It’s a lot for us to wrap our heads around. I mean, it seems completely unreasonable to not have a diaper, a few swaddles and a breast pump before the baby is born. What woman with a newborn wants to go shopping? We don’t have friends who can do this for us and while I suppose it’s something our mothers can do together to bond, I think they’d be too nervous and anxious and come back with more stuff than we needed or set up the room in way that makes little sense to us.

On the other hand, I can’t imagine having a room ready for a baby and Gd forbid (puh, puh, puh) the pregnancy be lost.

So no shower? Who knows, we’re still trying to get on top of  the traditions-don’t forget these too! But I think, at least right now, we’ve decided that we’ll shop for the baby when we’re in our 3rd trimester and we’ll keep the door shut… just in case Lilith has any ideas.

And Now we Wait

BBT…I just finished my September period cycle which means that we’re waking up every morning at 6AM for me to take my temperature.

Every morning my alarm goes off. I attempt to turn it off to keep Leah sleeping while not moving too much. I fumble with which ever hand is closest to the night table for the thermometer and push the button and wait for the beep. After a few seconds I put the thermometer in my mouth, close my eyes and think positive baby thoughts.



My body is healthy

My body is ready for a baby

My body will support a healthy pregnancy

We will have a healthy baby

I love my body

I trust my body

I…beep beep beep!

My eyes pop open and I turn over to find my phone, using its light to read the digital numbers.

This morning my temperature was 96.86, it was 96.66 the day before, 96.98 the day before that, 97.18 the day before that and 96.81 the day before that. Before then was my period.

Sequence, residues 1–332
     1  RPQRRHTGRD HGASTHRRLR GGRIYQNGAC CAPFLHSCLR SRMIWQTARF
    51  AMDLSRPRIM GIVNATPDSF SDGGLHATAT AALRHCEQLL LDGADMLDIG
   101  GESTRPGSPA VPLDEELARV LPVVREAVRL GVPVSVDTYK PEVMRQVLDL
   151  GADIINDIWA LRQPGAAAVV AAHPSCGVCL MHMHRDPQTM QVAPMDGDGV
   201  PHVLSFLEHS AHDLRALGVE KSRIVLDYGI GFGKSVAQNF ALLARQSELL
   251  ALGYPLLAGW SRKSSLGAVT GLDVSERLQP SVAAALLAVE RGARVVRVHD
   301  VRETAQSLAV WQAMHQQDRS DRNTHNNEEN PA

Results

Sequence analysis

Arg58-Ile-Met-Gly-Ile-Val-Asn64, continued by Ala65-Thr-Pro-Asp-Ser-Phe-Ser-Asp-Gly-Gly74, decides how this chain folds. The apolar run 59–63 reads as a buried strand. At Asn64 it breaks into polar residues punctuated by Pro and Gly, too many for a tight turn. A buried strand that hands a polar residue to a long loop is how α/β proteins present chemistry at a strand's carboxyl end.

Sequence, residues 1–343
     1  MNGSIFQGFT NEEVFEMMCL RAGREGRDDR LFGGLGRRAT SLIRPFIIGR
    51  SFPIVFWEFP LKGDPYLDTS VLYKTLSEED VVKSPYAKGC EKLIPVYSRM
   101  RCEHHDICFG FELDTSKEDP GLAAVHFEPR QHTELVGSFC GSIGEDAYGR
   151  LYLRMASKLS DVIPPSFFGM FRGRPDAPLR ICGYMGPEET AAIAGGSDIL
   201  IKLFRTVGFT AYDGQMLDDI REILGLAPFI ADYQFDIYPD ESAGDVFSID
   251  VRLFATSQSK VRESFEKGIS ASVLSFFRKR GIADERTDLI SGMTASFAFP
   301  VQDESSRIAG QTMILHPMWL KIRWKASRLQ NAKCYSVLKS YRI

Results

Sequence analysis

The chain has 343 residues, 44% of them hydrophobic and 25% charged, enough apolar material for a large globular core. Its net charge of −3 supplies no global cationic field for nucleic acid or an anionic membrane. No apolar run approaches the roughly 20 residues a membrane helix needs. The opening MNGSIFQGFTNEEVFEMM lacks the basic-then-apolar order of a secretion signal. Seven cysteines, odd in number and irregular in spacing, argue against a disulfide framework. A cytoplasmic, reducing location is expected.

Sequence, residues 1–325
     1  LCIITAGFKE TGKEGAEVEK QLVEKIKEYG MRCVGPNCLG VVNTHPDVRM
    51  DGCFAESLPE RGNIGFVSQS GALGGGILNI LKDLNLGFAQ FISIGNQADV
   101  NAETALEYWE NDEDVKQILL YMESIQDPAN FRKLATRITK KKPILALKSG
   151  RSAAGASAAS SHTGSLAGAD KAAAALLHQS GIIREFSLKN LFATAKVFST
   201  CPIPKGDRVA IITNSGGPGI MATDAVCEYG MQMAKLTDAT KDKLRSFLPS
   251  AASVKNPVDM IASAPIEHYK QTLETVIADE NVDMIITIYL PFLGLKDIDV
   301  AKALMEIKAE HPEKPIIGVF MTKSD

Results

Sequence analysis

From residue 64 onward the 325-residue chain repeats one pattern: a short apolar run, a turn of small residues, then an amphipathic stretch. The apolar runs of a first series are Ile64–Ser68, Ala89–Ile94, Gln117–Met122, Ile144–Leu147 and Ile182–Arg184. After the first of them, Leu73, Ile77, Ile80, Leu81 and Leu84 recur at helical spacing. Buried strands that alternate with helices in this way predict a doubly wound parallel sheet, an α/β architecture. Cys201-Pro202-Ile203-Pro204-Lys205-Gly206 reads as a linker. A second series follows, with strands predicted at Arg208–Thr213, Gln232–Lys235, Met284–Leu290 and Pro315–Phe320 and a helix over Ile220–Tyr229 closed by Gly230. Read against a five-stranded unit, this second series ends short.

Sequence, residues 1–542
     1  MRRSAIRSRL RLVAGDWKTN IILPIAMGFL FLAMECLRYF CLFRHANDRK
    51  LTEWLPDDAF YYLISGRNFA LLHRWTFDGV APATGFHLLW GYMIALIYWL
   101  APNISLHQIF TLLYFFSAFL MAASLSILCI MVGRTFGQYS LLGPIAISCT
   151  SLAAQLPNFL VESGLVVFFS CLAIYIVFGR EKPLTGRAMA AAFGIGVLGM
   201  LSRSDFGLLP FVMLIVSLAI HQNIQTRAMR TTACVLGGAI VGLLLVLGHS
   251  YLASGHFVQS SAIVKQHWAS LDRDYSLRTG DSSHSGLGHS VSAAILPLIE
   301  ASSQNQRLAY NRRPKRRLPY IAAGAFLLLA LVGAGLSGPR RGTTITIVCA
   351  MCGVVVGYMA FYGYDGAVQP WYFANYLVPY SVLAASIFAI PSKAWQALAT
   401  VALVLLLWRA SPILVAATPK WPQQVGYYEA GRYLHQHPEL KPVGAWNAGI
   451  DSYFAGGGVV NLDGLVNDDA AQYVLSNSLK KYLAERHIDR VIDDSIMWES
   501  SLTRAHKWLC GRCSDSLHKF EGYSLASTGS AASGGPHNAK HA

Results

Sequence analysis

TTCSo it would seem, according to these temps that the day that it was 97.18, the second day after the last day of my period I ovulated. But according to my apps that still don’t understand that my body simply doesn’t operate on a 28 (30, 31, 21) day cycle month after month, I should be ovulating tomorrow.

So I pee on sticks. But as you can see, peeing on a stick has been rather unsuccessful as well.

So what can I do? I’ve pulled out my bag of tricks.


I absolutely love (have a baby crush on) my acupuncturist. I love her soothing voice, I love her gentle hands, I love her hipster glasses…wait, professional…her ability to knock me out completely for a blissful 1-2 hour tiny-needle induced nap. While I’ve been seeing her for my back and knee, I’m starting to see her next week for fertility.

Herbs, Teas and Tinctures

I’m lucky to live down the street from an amazing, WOC-owned apothecary. I’ve been in to discuss my fibroids and desire to have a child and the woman there suggested a Womb Tea, three times a day. I make big cars of it and drink it as iced tea in the morning at at night.

Jewish Superstitions, Practice and Tradition

I’ll be posting something else this week on superstitions around baby showers, but for now I’m sticking with recitation of Psalms, and thinking about wearing a red string. It’s also, apparently, a good idea to be around holy things and to steer clear of things that are unholy or unkosher. We don’t keep kosher, but I suppose it can’t hurt to start thinking about it.

Affirmations, Visualization and the power of positive thoughts.

I’ve been keeping up with my affirmations. I’ve also added visualization. I visualize myself pregnant, I feel my pregnant body with my mind’s eye. I feel fertile, etc., etc.

Ovulation checking at our clinic

Our doctor suggested that we come in right away for ovulation tracking, but we declined. Our last appointment was in the spring and we planned on starting in November, so it made little sense to run to the doctor every morning for blood tests, but now that we’re approaching November, it seems to make more sense to me. So I’ll be calling them after my period next month to start making appointments to see the doctor.

Sending lots of fertility love to all of you Mamas-in-Waiting out there. We can do this!